Choline and Your Heart Health
Are you even familiar with the B vitamin choline? There is a good chance you are not. The Institute of Medicine didn't even establish a dietary reference intake for this nutrient until 1998.
Choline, like magnesium, plays a role in just about every bodily system. Two compounds are derived from choline - acetylcholine and lecithin. Acetylcholine is a neurotransmitter for the peripheral and central nervous systems. Acetylcholine may protect again certain age-related dementias. Lecithin is a more generic term encompassing yellowish-brown fat tissue.
The body can produce choline in small amounts, but not in large enough quantities to support good health. You must consume choline from dietary sources. Choline can be found in many foods, such as:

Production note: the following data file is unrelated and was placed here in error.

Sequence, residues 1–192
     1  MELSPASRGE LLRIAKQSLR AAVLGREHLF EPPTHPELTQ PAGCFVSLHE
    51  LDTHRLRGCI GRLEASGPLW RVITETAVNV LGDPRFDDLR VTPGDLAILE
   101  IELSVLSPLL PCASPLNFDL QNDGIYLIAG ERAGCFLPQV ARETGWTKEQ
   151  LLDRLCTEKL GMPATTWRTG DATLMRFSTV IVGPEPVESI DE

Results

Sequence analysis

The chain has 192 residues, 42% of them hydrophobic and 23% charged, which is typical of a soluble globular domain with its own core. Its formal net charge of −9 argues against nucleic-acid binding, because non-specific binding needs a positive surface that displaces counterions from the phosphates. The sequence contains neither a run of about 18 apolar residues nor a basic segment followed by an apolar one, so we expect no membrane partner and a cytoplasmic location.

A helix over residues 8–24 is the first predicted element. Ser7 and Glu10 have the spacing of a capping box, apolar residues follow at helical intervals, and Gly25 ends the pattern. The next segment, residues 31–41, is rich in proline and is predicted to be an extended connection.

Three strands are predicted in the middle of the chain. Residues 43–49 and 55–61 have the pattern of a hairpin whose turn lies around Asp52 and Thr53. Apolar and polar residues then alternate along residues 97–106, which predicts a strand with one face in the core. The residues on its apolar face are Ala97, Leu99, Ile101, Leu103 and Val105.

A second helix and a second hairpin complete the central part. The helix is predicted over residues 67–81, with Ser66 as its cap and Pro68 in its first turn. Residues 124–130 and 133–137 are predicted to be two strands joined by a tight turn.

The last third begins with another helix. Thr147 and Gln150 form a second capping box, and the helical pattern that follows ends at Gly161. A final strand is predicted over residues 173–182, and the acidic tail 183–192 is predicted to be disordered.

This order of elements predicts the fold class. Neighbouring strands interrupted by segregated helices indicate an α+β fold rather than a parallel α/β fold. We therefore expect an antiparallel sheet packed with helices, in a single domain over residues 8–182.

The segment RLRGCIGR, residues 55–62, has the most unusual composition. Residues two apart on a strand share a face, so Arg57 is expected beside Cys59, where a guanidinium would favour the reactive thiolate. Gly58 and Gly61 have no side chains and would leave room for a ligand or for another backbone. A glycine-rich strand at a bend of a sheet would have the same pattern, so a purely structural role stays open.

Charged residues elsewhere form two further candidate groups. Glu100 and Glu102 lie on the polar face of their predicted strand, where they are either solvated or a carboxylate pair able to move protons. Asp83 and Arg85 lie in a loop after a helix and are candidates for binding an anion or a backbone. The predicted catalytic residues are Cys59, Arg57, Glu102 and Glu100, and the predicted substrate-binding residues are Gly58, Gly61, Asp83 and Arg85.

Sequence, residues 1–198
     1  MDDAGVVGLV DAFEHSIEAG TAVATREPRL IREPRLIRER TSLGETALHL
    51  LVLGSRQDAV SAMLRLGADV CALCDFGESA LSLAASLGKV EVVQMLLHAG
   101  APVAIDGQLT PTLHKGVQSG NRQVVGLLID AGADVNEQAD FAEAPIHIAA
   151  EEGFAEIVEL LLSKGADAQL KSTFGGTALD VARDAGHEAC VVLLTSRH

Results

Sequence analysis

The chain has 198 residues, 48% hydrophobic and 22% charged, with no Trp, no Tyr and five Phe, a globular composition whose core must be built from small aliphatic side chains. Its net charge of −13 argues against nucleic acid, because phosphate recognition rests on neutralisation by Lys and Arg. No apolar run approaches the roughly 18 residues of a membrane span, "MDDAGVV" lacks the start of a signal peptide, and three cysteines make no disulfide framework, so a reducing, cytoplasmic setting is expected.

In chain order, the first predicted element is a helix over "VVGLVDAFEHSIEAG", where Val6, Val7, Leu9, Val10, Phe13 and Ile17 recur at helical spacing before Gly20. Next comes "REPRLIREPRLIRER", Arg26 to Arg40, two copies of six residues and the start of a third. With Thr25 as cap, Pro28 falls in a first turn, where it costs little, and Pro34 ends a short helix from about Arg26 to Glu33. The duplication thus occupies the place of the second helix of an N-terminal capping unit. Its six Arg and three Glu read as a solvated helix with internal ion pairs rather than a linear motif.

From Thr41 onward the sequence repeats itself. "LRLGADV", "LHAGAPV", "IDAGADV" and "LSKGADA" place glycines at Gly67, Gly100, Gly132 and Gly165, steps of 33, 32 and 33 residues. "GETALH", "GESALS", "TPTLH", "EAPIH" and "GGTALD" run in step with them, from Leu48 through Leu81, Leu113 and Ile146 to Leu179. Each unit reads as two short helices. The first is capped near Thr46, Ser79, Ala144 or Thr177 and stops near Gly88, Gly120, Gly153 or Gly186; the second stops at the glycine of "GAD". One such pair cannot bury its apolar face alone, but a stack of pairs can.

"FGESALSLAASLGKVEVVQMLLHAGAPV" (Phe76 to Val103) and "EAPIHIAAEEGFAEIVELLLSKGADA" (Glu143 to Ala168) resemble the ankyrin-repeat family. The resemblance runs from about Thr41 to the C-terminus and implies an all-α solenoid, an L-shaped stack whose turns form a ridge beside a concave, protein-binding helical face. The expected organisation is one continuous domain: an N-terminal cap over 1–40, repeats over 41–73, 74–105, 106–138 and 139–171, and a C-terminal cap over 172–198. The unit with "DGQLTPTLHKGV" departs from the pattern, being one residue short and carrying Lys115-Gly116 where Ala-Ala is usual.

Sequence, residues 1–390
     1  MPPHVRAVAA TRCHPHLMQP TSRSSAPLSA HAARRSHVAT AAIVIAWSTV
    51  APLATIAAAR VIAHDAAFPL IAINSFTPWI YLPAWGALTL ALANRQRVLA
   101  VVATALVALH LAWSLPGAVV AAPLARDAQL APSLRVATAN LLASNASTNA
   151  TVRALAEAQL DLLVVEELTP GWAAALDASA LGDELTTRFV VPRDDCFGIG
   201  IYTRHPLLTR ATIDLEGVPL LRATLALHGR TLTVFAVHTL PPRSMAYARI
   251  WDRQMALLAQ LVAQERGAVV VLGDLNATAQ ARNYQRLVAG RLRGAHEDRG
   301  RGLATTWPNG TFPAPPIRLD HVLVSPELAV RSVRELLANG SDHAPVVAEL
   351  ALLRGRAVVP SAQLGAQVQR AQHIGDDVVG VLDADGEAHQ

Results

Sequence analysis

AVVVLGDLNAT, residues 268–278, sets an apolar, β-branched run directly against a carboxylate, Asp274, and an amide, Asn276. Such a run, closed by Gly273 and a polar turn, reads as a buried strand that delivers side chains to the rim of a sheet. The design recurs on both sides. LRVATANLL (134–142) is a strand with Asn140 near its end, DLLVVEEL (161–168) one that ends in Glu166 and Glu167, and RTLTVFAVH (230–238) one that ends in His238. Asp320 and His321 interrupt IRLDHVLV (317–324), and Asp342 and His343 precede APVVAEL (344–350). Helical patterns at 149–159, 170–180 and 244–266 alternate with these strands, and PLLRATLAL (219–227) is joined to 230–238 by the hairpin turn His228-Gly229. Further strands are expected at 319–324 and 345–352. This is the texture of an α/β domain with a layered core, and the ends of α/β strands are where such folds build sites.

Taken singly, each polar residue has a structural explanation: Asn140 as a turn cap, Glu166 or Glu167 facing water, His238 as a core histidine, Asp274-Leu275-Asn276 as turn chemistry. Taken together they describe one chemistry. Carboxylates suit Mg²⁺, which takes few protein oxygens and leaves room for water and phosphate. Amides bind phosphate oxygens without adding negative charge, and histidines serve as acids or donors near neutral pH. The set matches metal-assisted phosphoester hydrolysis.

Beef - 67 mg choline per 3 ounces
Egg - 172 mg per egg
Peanut butter - 20 mg per 2 Tbsp
Salmon - 56 mg per 3 ounces
Broccoli - 62 mg per 1 cup
There are many bodily functions that require choline, such as:
Fat metabolism (synthesis of phospholipids)
Movement and coordination (compound of neurotransmitters)
Cell membrane component
Precursor to acetylcholine (neurotransmitter impacting memory)
Normal brain function
Symptoms associated with choline deficiency include high blood pressure, high cholesterol levels, and nervous system disorders. Choline deficiency consistently leads to fatty liver disease, which can cause inflammation and scarring of the liver.
Excess alcohol consumption, high sugar intake, low folic acid intake, and nicotine can all contribute to a choline deficiency.
How much do you need?
It's currently recommended you consume 400-500 mg daily. Choline is a B vitamin, which means it is water soluble and travels through the system quickly. If you require a choline supplement, it would be best to divide the supplement and take twice a day. However, if you are deficient, my first recommendation is to look at the foods in your diet and increase your intake of sources high in choline.
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